But gradually, unobtrusively, and, according to the vocal score, “blissfully unaware of threat,” the women return to Psalm 23: תַּעֲרֹךְ לְפָנַי,שֻׁלְחָן נֶגֶד צֹרְרָי (Thou preparest a table before me in the presence of my enemies . . . ). Underneath them, though, in the men’s percussive whispersthe turmoil continues. Even when the solo voice completes the last phrase of the 23rd Psalm and the women repeat its opening line, the final few measures of the movement belong to the instruments who, misterioso, recall the disturbing interruption of Psalm 2. The movement ends, like Bernstein, himself once said, “in unresolved fashion, with both elements, faith and fear, interlocked.”[1]

         This piece reminded me of Henryk Górecki, a Polish composer, who wrote music about very political issues in Communist Poland and about the Holocaust.  My favourite piece is Miserere, an unaccompanied piece that begins with deep bass voices and progresses through to an 8-voice choral crescendo.  In Latin, “Lord our God” (miserere) is repeated over and over until the very end when we hear of God’s mercy, “Have mercy upon us.”  This piece was dedicated to the city of Bydgoszcz, the site of the confrontation and massacre of members of the Solidarity party by the Polish militia.  He wouldn’t have this piece performed until 1987 after completing it in the early ’80s, and the first performance was on the site of a murdered Polish priest, Jerzy Popieluszko; this was a time of foment in Poland and the beginning of the end of Communism.  God have mercy upon us in these violent and oppressive times and give us peace.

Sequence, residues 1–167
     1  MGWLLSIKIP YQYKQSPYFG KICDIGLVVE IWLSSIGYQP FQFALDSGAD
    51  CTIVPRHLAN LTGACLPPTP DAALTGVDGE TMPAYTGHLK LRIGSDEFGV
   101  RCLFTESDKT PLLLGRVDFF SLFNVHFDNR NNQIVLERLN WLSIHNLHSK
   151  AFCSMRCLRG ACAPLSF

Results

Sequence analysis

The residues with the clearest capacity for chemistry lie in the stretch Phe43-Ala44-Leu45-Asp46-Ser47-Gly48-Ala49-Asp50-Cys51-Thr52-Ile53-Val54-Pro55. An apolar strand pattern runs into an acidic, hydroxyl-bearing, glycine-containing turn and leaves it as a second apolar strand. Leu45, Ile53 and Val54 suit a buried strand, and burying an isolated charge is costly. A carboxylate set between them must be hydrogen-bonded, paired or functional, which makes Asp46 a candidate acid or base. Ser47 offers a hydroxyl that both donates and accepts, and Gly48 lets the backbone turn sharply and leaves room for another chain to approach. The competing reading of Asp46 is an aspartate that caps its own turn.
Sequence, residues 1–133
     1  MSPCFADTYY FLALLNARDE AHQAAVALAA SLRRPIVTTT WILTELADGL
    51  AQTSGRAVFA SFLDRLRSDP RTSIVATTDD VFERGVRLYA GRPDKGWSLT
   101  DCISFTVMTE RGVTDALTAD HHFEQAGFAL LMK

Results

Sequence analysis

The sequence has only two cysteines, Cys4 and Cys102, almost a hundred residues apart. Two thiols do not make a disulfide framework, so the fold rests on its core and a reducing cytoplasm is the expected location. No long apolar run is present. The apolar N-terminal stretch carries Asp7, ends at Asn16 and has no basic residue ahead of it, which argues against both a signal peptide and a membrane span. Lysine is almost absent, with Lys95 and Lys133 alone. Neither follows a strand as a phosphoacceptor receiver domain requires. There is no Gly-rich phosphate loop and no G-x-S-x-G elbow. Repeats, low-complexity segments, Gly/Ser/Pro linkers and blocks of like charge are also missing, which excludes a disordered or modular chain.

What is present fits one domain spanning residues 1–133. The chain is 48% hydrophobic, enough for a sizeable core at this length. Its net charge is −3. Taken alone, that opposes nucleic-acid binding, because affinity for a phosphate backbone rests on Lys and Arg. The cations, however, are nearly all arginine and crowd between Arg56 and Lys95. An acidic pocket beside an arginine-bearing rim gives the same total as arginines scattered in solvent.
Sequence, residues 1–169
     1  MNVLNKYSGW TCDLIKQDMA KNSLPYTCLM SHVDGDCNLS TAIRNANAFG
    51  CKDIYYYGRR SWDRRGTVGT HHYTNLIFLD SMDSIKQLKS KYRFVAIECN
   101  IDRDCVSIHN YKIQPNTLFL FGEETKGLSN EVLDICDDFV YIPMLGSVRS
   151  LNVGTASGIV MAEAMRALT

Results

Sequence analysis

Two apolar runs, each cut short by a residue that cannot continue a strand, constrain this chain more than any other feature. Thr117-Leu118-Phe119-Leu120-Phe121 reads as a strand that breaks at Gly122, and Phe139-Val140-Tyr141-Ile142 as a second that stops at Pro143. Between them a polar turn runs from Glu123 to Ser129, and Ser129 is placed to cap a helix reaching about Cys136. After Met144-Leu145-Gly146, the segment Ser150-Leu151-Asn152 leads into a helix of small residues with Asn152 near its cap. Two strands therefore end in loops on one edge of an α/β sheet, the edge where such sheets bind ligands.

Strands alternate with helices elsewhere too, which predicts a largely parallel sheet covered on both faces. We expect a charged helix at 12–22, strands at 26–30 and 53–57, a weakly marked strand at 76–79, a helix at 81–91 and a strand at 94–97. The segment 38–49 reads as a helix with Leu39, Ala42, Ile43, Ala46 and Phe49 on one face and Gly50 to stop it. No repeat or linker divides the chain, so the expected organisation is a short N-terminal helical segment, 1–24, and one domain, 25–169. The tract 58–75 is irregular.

More than just asking God’s mercy upon us, these two pieces inspire us to live more fully the gift of love.  They inspire in us a desire to move beyond the racial and nationalist divides that are separating us in the world today; they move us beyond the me-first attitudes of modernity; they move us beyond a power-over that seeks to divide and conquer and separate us into “us and them.”  They move us to live the teachings of the Sermon on the Mount and the teachings we hear from the story of the Transfiguration.